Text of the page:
[5] When the s 189 Schedule is brought into account it appears that the total value of property involved in the fraud offences was approximately $125,300.00 of which a deficiency of $75,665.97 remains.  The deficiency is less than the total value of property obtained because in some instances money obtained by fraud was used to repay earlier loans fraudulently obtained.  The total amount involved in the attempted fraud charges was $67,697.25.  With the exception of one count of fraud (dishonestly obtaining accommodation and services between January and April 2002) the offences occurred in Townsville between 15 June 1998 and 25 August 1999.

[6] In the circumstances I do not find it necessary to set out further detail of the facts constituting the commission of the offences in question.

[7] The applicant was born on 4 September 1953 meaning that he was aged about 45 – 46 when the majority of the offences were committed and aged 50 when he stood for sentence.

[8]  He had spent 539 days in custody on remand prior to being sentenced but that custody did not relate solely to the charges in question.  At the material time he was also charged with a number of summary offences and a drug offence to be prosecuted in the Supreme Court.  He has not yet been dealt with for the drug offence and notionally is still on remand with respect to it.  In consequence the time in custody on remand could not be deducted in accordance with s 161 of the Penalties and Sentences Act.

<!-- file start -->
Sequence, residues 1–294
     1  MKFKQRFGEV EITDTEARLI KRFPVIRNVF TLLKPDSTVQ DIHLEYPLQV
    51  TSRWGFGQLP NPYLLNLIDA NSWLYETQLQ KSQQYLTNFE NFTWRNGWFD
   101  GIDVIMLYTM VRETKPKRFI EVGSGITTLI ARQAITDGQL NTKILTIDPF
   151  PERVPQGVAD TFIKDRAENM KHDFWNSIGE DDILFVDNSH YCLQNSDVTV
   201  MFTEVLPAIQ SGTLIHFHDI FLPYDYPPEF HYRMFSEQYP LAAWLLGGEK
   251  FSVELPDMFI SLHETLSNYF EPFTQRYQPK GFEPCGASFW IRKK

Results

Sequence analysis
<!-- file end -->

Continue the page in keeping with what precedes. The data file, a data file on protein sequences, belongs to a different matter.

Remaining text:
[9] Of particular relevance in determining the appropriate sentence for the offences in question was the appellant’s criminal history.  In Queensland his prior convictions include 11 for imposition, 81 for false pretences, five for stealing and four for other offences of dishonesty.  In New South Wales he has prior convictions for 34 counts of false pretences, 10 of stealing and three of other dishonesty; when sentenced on one occasion 379 other charges of false pretences were taken into account.  In addition to all that he has been convicted of a number of drug and motor vehicle offences in each State.  Of particular significance are the following previous convictions.